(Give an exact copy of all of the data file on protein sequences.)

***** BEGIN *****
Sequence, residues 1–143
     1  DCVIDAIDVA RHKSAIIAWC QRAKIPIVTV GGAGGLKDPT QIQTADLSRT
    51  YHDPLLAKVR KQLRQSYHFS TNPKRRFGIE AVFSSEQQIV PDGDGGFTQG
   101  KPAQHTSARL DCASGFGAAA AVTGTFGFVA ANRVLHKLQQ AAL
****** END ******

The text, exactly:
Sequence, residues 1–143
     1  DCVIDAIDVA RHKSAIIAWC QRAKIPIVTV GGAGGLKDPT QIQTADLSRT
    51  YHDPLLAKVR KQLRQSYHFS TNPKRRFGIE AVFSSEQQIV PDGDGGFTQG
   101  KPAQHTSARL DCASGFGAAA AVTGTFGFVA ANRVLHKLQQ AAL